1 – Add Keywords That Don’t Have Buying Intent
By this, we mean keywords that contain phrases like “how to”. These types of keywords can drain a lot of your budget if gone unnoticed. As you’re going through the list of keywords, ask yourself, “Is this something that a customer would search for if they’re interested in buying my product?”. If the answer is no, it should probably be added to your Google Ads negative keywords list.
2 – Don’t Add Too Many Keywords
Over time, as you continue adding more keywords, your negative keywords list will grow. This can be a good thing, but it can have a negative impact if you add way too many.
By adding lots of negative keywords, you heavily restrict the places where your Google Shopping ads appear. This won’t just affect the campaign’s performance, it can also make ads more expensive to run. Review your list regularly and make sure that every keyword you’ve added should actually be there.
3 – Build a Negative Keywords List on the Campaign and Ad Group Levels
Although it’ll depend on your industry, if you’re running several ad groups it’s a good idea to have a Google Shopping negative keywords list on the campaign level and the ad group level.
On the campaign level, you can cover broad terms that are impacting each of your ad groups (saving you the time of copying them on each list), and for each ad group, you can add more specific keywords.
4 – Limit How Many Negative Keywords You Add
As tempting as it seems to add perhaps hundreds of keywords to your list, in the hope that your conversions will spike overnight, don’t do that. This could backfire and cause your conversions to drop. Instead, slowly add terms to your list every few days so that you can see how the changes reflect in your data – if your conversions do plummet, you can pinpoint which additions caused it and remove them.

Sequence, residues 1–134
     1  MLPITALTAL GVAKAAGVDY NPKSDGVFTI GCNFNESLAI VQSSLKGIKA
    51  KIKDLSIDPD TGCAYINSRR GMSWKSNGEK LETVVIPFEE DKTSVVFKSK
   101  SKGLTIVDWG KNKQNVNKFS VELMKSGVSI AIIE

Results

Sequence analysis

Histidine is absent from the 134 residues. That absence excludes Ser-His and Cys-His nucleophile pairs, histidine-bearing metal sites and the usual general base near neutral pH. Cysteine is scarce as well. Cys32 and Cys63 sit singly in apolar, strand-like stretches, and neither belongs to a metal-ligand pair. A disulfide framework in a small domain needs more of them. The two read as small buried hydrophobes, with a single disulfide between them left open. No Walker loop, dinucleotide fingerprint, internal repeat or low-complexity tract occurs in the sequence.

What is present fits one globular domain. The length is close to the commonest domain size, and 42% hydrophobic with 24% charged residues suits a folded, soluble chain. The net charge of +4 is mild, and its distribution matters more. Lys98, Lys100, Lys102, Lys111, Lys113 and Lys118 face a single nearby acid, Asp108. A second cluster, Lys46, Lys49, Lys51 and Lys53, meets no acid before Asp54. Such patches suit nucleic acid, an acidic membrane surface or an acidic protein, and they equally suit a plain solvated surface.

5 – Look at the Long-Term Data
Don’t just look at how keywords have performed over the last month. Instead, focus on how they have been performing over time so that you can get an accurate read on whether a keyword consistently underperforms, or whether it’s just a one-time occurrence. If you have keywords which only delivered conversions in 1 out of the last 4 months, that’s worth adding to the list.
How Often Should You Add Negative Keywords to Your Campaign?
This is a question that we get a lot, and it depends on a few factors. The size of the campaign, how big of a budget you’ve got, and how many clicks your ads are getting are all important things to consider.
Ideally, you should make this part of your monthly routine. Each month, go through your search query report and comb through all of the keywords, making a note of which keywords you’re going to add to your list along the way.
Reduce Cost and Increase Sales
The key thing to take away from this post is that when you use Google Shopping Ads negative keywords, you’re reducing your costs, increasing sales, and spending more efficiently. There is truly nothing but benefits to implementing a negative keyword list into your strategy. If you do it properly, your Google shopping campaigns’ performance will significantly improve.